The Gift

For those of you feeling that there is nothing worth seeing at the cinema, then hunt down The Gift and let me know your reaction.

The GiftWhile this probably won’t mean much, The Gift may prove to be the biggest surprise of all films released during the middle of August, 2015. Written and directed by Australian actor Joel Edgerton, it unfolds in a tantalizing manner that leaves you guessing at every turn.

Just to make sure that none of you are mislead from the previews, let me assure you that this is not a horror movie. Cutting to its core, it is a story about human nature and the fact that regrettable actions in a person’s past can come back to haunt them. Forgive and forget is not the theme of this engrossing little film.

Many of my friends consistently criticize me for giving away too much of the plot in my reviews, so let me dance away from that possibility with The Gift. No, I haven’t improved my style, but it is simply impossible to describe any little moment of this film without giving away something critical to its unanticipated conclusion.

So let me simply say that the very talented Jason Bateman and Rebecca Hall play Simon and Robyn, a husband and wife who have returned to his home in California so that he can further his career. While Simon is on the verge of a great promotion at a Silicon Valley-like technical organization, Robyn is wrestling with demons relating to a failed pregnancy.

As they adjust to the purchase of a new home, our couple meets Gordo, played by Mr. Edgerton, a past high school acquaintance of Simon’s. Something unresolved happened between these two many years earlier, and an unannounced gift left outside Simon and Robyn’s front door reveals that the lives of all the parties are going to get ugly very quickly.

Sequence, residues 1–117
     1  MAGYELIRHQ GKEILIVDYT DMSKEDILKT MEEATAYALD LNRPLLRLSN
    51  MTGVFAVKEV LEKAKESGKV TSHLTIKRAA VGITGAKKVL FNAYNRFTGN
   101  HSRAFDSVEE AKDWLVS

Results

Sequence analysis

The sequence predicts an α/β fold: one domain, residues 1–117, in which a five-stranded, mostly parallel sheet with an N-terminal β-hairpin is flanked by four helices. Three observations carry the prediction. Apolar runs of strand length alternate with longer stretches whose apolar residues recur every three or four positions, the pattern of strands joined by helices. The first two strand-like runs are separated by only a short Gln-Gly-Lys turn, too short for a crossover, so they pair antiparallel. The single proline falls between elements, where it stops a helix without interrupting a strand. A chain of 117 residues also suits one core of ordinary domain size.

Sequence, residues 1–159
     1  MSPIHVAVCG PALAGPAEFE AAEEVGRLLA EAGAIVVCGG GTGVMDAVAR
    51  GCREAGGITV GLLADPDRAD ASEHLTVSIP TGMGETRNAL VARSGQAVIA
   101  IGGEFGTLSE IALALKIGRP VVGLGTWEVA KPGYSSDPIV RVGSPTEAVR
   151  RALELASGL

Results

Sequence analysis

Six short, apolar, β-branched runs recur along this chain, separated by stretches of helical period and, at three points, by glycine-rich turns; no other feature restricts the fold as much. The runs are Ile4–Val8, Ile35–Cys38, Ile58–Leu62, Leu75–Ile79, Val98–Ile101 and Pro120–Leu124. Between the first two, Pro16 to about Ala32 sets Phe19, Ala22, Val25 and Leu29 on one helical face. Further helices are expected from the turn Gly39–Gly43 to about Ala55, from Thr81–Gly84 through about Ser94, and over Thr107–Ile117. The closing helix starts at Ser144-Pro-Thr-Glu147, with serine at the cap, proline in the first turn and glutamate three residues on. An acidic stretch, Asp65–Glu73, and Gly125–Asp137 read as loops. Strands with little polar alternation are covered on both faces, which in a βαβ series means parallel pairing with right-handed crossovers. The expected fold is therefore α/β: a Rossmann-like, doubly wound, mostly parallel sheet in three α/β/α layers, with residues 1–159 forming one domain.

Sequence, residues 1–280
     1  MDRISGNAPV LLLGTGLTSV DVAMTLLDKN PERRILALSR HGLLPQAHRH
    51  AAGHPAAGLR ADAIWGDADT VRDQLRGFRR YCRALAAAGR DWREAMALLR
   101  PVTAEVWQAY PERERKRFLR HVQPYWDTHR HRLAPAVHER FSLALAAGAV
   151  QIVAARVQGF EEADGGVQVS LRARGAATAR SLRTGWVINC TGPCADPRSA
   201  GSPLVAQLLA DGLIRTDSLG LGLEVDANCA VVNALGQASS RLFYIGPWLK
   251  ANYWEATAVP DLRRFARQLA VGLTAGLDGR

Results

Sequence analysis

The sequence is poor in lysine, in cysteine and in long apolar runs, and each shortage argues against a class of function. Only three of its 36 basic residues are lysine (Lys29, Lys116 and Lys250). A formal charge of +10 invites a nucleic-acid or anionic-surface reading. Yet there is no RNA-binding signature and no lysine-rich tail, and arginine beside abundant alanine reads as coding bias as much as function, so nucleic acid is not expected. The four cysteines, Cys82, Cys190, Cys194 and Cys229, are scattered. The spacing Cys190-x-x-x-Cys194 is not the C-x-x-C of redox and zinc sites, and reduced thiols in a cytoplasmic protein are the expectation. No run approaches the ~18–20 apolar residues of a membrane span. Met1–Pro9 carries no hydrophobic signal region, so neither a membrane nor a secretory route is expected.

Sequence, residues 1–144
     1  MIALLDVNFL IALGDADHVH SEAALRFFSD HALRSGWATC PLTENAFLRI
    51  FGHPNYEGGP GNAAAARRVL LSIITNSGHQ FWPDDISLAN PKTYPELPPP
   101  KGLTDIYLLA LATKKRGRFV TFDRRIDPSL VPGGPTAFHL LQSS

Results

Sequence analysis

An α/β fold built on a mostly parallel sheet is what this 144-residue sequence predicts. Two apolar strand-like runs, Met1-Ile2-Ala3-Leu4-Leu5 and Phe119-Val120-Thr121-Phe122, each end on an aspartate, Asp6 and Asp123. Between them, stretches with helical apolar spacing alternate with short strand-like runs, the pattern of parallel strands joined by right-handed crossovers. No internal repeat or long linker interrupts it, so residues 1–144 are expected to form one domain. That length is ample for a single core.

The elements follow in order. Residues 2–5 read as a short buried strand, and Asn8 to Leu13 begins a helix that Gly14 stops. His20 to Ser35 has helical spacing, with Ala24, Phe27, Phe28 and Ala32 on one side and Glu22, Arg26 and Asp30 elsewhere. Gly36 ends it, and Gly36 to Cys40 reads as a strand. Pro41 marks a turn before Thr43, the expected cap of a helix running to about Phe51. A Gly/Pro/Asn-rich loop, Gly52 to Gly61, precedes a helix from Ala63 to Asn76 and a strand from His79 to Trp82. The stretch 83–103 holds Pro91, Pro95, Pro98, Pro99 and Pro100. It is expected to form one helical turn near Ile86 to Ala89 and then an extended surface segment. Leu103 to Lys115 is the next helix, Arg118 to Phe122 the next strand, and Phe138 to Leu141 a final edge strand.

Ironically, while Mr. Bateman is best known as a comic actor, he has really appeared in mostly low-rent films such as Couples Retreat (2009), Identity Thief (2013) and the absolutely appalling Horrible Bosses 2 (2014). I am sure that I am not alone in appreciating his serious roles, and if you have not seen any of them, please hunt down Juno (2007), Up in the Air (2009) and the Invention of Lying (2009).

As for Ms. Hall, I think she is an acting treasure who is dancing on the edge of greatness. She exudes a sophistication and intelligence that many famous actresses lack, and I can only urge you to watch her and Eric Bana in Closed Circuit (2013).

It is worth noting that this is Mr. Edgerton’s directorial debut in a feature film, and he does a splendid job. Nothing is overdone, and the suspense develops where you feel that you are being unintentionally wrapped up in an emotional cocoon. Combined with his tremendous performances in Animal Kingdom (2010), Warrior (2011) Zero Dark Thirty (2012) and The Great Gatsby (2013), let me risk the observation that he resembles a young Marlon Brando.

This is a tiny film that reminds you that our actions can occasionally have a profound impact on others. Want to find out the consequences of robbing a fellow teenager of both his self-respect and reputation as a result of conduct that you would prefer to forget? Buy and ticket and enjoy watching the answer unfold.